Journal of Youth and Adolescence

, Volume 42, Issue 3, pp 403–416 | Cite as

Motives for Using Facebook, Patterns of Facebook Activities, and Late Adolescents’ Social Adjustment to College

  • Chia-chen YangEmail author
  • B. Bradford Brown
Empirical Research


Previous studies have confirmed that Facebook, the leading social networking site among young people, facilitates social connections among college students, but the specific activities and motives that foster social adjustment remain unclear. This study examined associations between patterns of Facebook activity, motives for using Facebook, and late adolescents’ social adjustment to the college environment. Anonymous self-report survey data from 193 mostly European American students (M age = 20.32; 54 % female) attending a major Midwestern university indicated that motives and activity patterns were associated directly with social adjustment, but the association between one activity, status updating, and social adjustment also was moderated by the motive of relationship maintenance. Findings provide a more comprehensive portrait of how Facebook use may foster or inhibit social adjustment in college.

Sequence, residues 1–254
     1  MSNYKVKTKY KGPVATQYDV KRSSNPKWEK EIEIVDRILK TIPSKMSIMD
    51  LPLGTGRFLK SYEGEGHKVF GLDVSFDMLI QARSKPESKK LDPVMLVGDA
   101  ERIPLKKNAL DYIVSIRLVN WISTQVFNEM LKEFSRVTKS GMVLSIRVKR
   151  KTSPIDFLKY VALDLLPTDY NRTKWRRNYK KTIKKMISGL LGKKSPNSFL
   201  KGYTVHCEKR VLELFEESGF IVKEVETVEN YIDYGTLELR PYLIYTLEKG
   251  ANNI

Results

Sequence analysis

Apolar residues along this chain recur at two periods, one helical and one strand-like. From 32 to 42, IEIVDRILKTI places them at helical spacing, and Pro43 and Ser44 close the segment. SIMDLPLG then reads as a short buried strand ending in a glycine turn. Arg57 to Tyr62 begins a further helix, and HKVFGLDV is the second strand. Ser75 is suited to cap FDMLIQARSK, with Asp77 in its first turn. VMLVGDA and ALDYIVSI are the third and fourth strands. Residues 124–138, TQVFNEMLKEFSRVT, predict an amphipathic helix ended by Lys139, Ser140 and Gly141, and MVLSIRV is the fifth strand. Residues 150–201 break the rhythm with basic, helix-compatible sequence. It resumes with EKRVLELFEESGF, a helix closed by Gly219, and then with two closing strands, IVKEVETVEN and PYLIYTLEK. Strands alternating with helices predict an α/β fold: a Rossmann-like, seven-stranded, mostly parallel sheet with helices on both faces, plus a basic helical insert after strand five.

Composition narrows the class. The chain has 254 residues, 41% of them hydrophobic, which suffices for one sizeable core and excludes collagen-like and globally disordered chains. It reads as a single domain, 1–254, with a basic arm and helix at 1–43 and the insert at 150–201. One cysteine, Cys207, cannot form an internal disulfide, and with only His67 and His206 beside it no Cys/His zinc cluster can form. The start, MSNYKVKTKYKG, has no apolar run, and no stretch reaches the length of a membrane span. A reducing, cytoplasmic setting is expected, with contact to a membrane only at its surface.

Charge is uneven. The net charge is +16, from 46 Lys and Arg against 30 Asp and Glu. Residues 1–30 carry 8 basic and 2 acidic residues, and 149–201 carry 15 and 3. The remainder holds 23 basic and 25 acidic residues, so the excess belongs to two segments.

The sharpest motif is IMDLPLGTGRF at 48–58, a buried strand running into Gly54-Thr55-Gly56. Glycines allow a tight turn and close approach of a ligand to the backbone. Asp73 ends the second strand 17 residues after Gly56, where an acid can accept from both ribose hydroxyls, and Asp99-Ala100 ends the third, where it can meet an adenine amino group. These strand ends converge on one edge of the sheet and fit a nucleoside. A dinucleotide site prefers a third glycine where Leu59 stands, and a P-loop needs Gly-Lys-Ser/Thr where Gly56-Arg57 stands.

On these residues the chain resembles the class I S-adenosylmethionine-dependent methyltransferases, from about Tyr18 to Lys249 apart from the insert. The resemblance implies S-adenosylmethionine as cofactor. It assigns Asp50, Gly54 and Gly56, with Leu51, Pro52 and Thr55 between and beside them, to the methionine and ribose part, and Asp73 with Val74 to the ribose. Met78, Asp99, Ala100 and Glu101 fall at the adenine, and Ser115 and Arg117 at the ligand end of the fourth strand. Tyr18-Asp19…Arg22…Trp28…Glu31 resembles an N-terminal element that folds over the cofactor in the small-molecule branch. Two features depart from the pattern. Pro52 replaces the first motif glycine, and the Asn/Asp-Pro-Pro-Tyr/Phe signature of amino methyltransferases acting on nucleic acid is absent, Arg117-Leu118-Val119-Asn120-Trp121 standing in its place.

College Facebook Internet Loneliness Motives Peers Social adjustment 



C-cY conceived of the study, participated in its design and coordination, collected data, performed most of the statistical analyses, interpreted the results, and drafted the manuscript; BBB participated in the design and coordination of the study, performed statistical analyses, interpreted the results, and critically revised the manuscript. Both authors read and approved the final manuscript. This study was supported by a grant (#1878D41) to the second author from the Wisconsin Alumni Research Foundation. The authors declare that they have no conflict of interest with the sponsoring organization.


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Copyright information

© Springer Science+Business Media New York 2012

Authors and Affiliations

  1. 1.Department of Educational PsychologyUniversity of Wisconsin-MadisonMadisonUSA
  2. 2.Department of Educational PsychologyUniversity of Wisconsin-MadisonMadisonUSA

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